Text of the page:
First class care
We are committed to offering every patient the best possible care, in comfortable surroundings, with access to the very latest therapies and treatments.
We will greet you on arrival and arrange for you to see a specialist as soon as possible. We know that coming to hospital in an emergency can be a distressing and stressful experience and we will work hard to make you feel as comfortable as possible during your visit.
World-class trauma services
Patients who have been involved in major accidents and emergencies receive the best medical care available at our trauma units. Each of our centres has been recently renovated, enabling our teams to provide high standards of clinical care in modern surroundings.
We provide a pioneering multi-disciplinary approach that has been shown to improve the outcome for patients and save lives. Trauma patients, who typically have multiple injuries, are each assigned a team with experts from different specialties – the experts work together to provide the best care that they can for the patient. The teams include at least one resident consultant, nurse specialists, and experts in imaging (x-rays, CT scanning etc). We bring in support from all major medical services, including paediatrics, as required.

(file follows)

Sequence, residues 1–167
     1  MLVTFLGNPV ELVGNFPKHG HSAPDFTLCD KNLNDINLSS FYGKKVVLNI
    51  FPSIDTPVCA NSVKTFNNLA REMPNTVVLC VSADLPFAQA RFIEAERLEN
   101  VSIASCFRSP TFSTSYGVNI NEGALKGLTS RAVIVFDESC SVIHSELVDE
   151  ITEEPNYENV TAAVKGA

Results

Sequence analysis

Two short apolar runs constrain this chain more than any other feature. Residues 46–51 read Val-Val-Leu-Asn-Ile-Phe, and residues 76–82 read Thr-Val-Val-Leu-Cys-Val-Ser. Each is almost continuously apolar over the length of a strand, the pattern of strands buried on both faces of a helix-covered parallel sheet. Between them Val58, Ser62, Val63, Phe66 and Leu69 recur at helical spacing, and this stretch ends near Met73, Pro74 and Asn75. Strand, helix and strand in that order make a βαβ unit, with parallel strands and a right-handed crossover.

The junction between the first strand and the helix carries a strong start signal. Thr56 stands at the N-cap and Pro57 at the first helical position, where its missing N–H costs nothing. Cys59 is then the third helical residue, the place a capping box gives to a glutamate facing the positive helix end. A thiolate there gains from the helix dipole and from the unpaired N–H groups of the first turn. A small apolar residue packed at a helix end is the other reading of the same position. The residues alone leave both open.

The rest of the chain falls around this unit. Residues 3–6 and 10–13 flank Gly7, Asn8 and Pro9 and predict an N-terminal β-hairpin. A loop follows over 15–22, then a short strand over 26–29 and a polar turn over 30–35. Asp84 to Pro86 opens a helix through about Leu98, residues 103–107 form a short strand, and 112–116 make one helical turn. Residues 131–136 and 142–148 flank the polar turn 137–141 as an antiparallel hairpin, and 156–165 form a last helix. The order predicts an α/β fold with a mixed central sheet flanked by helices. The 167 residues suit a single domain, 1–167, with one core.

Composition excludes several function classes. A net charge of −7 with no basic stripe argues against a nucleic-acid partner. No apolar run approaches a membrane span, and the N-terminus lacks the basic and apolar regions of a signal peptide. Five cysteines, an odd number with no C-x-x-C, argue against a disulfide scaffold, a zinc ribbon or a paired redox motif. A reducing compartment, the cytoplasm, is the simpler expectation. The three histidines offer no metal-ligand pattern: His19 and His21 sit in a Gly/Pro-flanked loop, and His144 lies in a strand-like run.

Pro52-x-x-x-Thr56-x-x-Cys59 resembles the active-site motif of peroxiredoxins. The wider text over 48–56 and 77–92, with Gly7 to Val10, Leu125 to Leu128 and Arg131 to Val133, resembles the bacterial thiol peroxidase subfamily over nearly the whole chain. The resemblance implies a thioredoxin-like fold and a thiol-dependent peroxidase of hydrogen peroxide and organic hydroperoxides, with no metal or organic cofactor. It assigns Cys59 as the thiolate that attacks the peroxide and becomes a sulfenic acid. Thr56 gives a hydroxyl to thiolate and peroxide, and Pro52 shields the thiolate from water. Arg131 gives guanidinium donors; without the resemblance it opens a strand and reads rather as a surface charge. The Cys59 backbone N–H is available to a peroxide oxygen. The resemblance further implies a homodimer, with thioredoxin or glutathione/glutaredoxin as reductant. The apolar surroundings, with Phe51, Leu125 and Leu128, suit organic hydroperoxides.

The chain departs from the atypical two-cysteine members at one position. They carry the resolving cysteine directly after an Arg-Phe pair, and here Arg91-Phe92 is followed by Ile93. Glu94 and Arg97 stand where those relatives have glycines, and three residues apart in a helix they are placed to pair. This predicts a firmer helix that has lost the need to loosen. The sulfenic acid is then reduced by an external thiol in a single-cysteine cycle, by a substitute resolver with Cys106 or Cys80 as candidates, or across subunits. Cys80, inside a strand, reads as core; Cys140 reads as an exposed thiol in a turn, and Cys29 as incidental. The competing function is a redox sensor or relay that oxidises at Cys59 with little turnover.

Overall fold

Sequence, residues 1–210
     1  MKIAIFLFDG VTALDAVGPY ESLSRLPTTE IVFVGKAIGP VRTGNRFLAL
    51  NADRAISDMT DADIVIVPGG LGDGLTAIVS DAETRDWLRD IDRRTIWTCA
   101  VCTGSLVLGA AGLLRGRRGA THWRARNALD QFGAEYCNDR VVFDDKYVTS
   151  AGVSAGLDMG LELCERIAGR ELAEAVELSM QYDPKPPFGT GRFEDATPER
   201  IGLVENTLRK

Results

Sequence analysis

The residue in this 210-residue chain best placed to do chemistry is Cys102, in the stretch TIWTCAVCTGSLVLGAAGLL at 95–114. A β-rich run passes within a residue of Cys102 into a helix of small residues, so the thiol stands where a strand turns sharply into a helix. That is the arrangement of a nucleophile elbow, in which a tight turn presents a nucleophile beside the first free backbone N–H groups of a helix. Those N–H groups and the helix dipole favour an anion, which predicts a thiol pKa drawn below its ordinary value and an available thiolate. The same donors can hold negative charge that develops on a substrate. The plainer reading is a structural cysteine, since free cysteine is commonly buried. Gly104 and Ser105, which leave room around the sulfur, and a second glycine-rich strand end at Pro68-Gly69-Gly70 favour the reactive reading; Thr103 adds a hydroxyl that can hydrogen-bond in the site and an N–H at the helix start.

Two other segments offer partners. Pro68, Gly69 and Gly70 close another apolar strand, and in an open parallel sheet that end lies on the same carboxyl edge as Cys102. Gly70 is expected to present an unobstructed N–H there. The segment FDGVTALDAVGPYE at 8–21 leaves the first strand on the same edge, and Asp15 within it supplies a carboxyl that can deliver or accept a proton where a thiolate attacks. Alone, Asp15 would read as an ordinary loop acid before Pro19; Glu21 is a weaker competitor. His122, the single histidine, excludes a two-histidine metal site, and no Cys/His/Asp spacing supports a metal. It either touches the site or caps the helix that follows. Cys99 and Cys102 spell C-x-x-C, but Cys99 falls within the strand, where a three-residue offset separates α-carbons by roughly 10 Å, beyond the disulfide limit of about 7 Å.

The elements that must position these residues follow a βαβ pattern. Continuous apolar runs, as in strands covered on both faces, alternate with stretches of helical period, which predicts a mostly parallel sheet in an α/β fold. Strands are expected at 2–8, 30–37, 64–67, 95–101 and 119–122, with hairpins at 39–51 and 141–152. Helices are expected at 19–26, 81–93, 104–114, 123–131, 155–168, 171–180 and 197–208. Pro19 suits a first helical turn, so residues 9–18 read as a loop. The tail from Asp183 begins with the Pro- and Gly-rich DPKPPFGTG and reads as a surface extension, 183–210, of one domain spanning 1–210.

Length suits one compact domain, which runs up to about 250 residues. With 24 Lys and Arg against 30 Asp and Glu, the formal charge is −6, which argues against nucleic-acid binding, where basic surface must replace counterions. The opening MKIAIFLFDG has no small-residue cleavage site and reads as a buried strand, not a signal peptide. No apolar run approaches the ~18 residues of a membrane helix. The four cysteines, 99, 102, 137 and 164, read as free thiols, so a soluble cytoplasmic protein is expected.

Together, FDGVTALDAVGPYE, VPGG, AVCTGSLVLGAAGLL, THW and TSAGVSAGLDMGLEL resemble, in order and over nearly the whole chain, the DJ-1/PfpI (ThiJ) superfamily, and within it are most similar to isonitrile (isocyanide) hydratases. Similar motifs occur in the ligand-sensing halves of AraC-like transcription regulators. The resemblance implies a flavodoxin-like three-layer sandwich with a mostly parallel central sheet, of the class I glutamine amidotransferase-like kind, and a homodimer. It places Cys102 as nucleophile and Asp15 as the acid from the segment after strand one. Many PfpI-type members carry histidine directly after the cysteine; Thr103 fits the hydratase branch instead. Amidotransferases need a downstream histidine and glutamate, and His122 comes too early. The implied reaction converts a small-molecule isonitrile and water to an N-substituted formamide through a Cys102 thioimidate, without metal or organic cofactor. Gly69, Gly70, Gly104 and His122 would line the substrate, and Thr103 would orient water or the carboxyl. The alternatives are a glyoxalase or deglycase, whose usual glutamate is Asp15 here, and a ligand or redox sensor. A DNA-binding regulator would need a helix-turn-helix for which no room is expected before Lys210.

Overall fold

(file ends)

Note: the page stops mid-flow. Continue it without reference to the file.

In 2010, Barts Health was instrumental in establishing the London Trauma Network – this is the largest network of trauma hospitals across the UK, with The Royal London Hospital (London’s busiest major trauma centre) at its hub. It has received international recognition and saves the lives of at least 100 people a year.
Hospital emergency departments can be very busy and although the staff will welcome you and make you feel as comfortable as possible, priority will always be given to the most urgent cases.
You will be assessed by a nurse or doctor when you first arrive to determine the severity of your situation and you should expect to have tests and procedures as part of the clinical decision process for your care. You will be asked for your consent for this, where possible (if not, your next of kin will be asked to consent on your behalf).
If you have a minor injury or heath problem, then please do not visit the Emergency Department as this is only for patients with life-threatening conditions.
Emergency Departments (ED), also known as Accident and Emergency Departments or A&E, are for patients with major or life-threatening illnesses or injuries. For example, an emergency is:
- If someone has stopped breathing or their heart has stopped.